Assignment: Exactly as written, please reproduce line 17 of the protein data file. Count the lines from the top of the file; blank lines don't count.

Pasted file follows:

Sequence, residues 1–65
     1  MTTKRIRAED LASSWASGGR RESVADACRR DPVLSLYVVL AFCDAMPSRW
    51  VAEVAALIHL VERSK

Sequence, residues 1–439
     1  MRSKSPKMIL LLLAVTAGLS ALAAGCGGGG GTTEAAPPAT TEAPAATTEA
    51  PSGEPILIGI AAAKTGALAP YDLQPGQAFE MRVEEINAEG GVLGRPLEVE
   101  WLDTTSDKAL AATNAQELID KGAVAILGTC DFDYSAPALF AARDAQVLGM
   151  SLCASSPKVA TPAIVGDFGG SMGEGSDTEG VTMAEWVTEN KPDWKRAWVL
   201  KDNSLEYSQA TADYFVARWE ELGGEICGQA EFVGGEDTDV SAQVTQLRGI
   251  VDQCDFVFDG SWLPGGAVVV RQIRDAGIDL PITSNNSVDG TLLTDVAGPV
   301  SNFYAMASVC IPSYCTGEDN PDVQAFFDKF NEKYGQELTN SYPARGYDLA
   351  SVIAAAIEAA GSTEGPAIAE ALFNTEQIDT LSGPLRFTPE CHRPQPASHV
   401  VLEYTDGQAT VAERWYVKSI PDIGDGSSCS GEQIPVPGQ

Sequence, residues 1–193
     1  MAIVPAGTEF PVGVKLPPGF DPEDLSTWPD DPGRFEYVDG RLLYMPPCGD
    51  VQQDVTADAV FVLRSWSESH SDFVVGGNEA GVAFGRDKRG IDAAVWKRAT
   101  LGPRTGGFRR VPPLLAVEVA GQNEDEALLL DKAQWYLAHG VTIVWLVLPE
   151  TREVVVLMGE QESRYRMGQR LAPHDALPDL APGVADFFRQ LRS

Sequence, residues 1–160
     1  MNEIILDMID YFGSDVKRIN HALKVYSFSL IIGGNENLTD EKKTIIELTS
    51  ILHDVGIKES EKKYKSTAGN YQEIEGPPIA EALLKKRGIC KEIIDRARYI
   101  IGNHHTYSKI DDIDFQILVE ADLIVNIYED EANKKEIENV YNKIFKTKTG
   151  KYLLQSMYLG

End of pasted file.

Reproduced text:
   101  LGPRTGGFRR VPPLLAVEVA GQNEDEALLL DKAQWYLAHG VTIVWLVLPE